Thursday, March 12, 2009

I find teaching is a profession where the more successful you are the less necessary you become

I have held off posting for a bit as the class moved into the final project. I must say – some really great work! As I mentioned in class today, part of my excitement with this class was that I had less and less of an idea what to expect for each project as the term went on. Eno suggests that what Generative Art provides is a new metaphor to explore art and the world. This notion of not knowing the outcome – which was often the case for both viewer and artist – reminds me of something Aldous Huxley talks about in The Doors of Perception. “Under the influence” he states “I was seeing what Adam has seen on the morning of his creation – the miracle, moment by moment, of naked existence.” While this may be a tall order for an 8:30 am class, the notion of watching as a process unfolds in which the outcome is not predetermined forces a kind of phenomenological clarity.

I liked that this entire class was a process. As I suggested – the parameters of the projects may have changed up until the moment Bob and I entered classroom. Beyond this, I liked that as the process developed the role that Bob and I played as facilitator became less and less important. I imagine that teaching is one of those few professions where you are successful the less necessary you become. This is kind of what I was getting at with the Kung-Fu blog entry earlier in the term. There are many times where classes sort of plateau and simply coast to the end. Most of the major points have been made and most of major elements digested well before the final exam. This class did not seem to work that way. Rather, the last few meetings, including the final, were as engaging if not more so than previous classes, to the point where Bob and I were able to move into a peripheral role.

From the beginning we discussed the class as a laboratory. Our hope was that we could set something in motion and then step back and watch, comment, ask questions. We encouraged this for the third project, but with limited success. It did happen after we broke up into groups for the final project. Pockets of wonderful discussion, experiments, etc – some dedicated to the final project, some not, filled the space – reminiscent of the mash-up day. Bob and I were able to stand back and watch. The same was true for the final projects. Our presence merely seemed to be to reflect back these pieces via whatever methods of documentation we were using. The projects themselves had a life of their own. I am not sure anyone could have predicted that we would surround a resonating piano filled with chitttering cell phones or that we would all move counter clockwise.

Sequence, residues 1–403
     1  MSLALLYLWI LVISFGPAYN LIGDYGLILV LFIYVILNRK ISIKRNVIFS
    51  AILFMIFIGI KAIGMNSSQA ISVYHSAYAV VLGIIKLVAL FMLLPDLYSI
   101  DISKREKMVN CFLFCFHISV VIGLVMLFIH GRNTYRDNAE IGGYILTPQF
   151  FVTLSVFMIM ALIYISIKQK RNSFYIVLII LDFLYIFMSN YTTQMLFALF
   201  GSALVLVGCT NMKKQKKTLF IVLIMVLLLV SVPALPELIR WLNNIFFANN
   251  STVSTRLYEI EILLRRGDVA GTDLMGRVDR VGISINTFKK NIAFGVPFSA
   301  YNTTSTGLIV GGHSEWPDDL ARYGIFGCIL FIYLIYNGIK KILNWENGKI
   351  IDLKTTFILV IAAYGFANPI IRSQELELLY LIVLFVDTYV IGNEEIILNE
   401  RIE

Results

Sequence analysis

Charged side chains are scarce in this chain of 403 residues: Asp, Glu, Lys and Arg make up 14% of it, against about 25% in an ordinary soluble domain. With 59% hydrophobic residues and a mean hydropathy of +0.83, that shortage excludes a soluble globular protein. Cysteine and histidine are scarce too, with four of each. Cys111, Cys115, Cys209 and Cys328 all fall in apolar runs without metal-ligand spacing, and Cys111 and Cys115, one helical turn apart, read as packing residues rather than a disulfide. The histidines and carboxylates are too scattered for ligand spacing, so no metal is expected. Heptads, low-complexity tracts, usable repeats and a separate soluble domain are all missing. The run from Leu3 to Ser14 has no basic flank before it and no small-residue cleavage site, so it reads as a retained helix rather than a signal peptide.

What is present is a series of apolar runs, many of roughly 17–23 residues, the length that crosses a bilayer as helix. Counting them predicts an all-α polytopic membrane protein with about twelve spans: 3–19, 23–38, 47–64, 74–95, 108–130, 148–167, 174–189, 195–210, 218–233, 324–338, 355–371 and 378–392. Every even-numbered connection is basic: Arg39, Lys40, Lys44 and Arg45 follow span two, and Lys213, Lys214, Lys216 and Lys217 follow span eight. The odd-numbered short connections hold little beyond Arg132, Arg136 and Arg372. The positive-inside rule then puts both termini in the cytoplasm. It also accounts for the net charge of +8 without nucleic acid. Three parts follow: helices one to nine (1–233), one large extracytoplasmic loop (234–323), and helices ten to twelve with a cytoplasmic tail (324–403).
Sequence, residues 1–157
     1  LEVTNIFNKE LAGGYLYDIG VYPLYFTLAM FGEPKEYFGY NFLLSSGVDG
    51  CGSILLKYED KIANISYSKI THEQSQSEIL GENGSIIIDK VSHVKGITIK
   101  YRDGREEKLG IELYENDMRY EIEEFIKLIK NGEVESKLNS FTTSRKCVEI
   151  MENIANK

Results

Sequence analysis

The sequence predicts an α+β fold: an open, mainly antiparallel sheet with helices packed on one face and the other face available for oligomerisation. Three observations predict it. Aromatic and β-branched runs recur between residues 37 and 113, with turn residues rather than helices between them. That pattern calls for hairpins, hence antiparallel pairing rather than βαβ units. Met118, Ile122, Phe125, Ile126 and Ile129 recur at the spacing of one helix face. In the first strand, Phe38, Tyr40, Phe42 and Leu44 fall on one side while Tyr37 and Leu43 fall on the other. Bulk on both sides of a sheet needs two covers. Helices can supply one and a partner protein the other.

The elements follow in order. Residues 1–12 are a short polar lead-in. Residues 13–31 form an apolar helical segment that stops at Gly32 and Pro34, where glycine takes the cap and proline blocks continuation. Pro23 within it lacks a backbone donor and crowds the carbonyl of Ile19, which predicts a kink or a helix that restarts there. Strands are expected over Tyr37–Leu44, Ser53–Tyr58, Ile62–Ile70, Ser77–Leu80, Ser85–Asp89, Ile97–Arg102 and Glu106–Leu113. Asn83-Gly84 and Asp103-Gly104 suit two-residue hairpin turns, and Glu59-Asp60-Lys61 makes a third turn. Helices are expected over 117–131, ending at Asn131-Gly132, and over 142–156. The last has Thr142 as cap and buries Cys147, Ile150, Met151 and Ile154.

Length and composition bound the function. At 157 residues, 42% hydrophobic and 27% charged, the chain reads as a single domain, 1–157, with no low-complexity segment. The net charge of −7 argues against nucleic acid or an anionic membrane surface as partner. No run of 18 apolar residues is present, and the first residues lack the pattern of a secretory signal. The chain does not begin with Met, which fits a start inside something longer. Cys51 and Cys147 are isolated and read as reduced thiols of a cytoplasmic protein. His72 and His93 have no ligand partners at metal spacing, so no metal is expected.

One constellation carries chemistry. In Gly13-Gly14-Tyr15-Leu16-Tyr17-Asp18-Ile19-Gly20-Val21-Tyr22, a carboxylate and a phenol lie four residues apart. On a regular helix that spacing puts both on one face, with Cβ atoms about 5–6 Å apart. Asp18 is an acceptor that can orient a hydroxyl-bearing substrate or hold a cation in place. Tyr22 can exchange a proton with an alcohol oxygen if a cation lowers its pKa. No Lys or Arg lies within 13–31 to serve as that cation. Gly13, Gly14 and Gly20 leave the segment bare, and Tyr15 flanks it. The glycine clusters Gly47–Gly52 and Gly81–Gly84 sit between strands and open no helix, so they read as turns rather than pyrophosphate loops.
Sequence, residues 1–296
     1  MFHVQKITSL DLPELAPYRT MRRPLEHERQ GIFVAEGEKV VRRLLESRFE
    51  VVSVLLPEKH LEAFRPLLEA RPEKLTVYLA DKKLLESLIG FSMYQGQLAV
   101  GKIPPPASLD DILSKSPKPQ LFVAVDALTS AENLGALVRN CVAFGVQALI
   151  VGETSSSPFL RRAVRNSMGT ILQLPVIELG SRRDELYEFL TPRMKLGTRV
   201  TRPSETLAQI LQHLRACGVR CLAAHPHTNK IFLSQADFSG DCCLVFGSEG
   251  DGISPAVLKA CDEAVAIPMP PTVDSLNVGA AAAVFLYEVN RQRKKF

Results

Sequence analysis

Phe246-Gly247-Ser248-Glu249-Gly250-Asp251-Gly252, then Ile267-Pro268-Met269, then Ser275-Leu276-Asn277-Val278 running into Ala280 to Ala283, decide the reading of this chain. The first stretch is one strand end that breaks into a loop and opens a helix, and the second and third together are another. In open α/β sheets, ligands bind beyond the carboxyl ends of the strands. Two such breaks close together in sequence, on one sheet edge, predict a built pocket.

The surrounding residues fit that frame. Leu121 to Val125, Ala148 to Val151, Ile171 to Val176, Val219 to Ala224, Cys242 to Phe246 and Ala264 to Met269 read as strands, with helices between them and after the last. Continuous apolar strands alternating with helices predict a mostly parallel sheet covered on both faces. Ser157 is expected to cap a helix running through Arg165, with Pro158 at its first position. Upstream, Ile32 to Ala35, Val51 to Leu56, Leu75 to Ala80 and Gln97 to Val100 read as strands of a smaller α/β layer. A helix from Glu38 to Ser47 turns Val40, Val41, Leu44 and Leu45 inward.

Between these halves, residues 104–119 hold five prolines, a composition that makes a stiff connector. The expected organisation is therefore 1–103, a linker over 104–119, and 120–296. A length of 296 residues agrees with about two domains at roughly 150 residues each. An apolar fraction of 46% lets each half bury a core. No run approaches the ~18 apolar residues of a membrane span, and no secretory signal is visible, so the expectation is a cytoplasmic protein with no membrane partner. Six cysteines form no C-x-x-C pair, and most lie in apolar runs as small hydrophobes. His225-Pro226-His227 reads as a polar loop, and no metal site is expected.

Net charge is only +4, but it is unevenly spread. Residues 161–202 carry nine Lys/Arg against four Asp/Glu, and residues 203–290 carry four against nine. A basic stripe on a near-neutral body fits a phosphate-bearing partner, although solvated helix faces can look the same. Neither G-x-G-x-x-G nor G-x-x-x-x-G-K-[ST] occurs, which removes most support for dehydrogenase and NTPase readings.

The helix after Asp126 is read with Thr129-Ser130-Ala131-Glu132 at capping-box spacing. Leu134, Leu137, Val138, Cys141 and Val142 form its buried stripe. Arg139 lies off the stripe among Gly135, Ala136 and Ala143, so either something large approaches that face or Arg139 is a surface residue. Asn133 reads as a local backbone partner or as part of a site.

I remember seeing this wonderful film called The Mozart Brothers in which an avant-garde director creates a very unique interpretation of Mozart’s Don Giovanni. I may be miss-remembering, but essentially he struggles to get the company on board with his ideas. As the production begins to take on a life of its own and opens to raves the director is seen slowly exiting the back door of the theatre. I think of this in terms of teaching. I am not suggesting that this class was a struggle (in fact it was much less so than I had anticipated – which probably had a great deal to do with the students) But, it was gratifying to hear today that many students thought that there should be a part II to this class – or that they wanted to continue to play with these ideas.

At that point it is up to Bob and I to slowly exit. Our job is done and the students don’t need us to give any more “assignments.” I can appreciate that “taking a class” provides a kind of shelter (it certainly helps when the campus police get involved), but also provides an excuse as to why you would spend your time on activities like this. To do odd an intriguing machine-like projects on your own time may just seem a bit strange. But isn’t that what artists do? Isn’t part of being an artist chasing down interests, asking questions, exploring possibilities even if they don’t fit into some pre-ordained plan?

The question, of course, is what to do with this generative stuff in the context of more traditional art forms. I do think it is difficult to think of a one to one match – how one makes generative theatre, film, dance, and music. But, if the final projects are any indication – it is possible. What might be more useful, however, is not to think of this process as hermetically sealed, but one that can generate material to be shaped in a more familiar medium. Using a sound collage generated by a series of phone calls in which the content was left up to each individual caller provided the basis for each of the four final projects. It is hard to imagine them without this as a starting point.

So, like Bob’s comment about Michelangelo staring at water stains, the result of generative work can always be used as inspiration, raw material, direction, or even a way of opening up possibilities beyond individual tastes and training.
While Bob and I may have entered this process in the position of authority – it is our class, we are the instructors, we made decisions on how we would proceed, at some point we moved from guides to observers. Just watching these final pieces was marvelously inspiring – clearly I have much to learn from these students. So – like the Jasper Johns quote Bob posted in the hallway, I fully intend to take the final pieces and do something with them. In doing so, I turn my back on the prescribed roles of “student” and “teacher.” I suggest you do the same.

That said, I want to thank all of the students and Bob for a very inspiring and exciting term.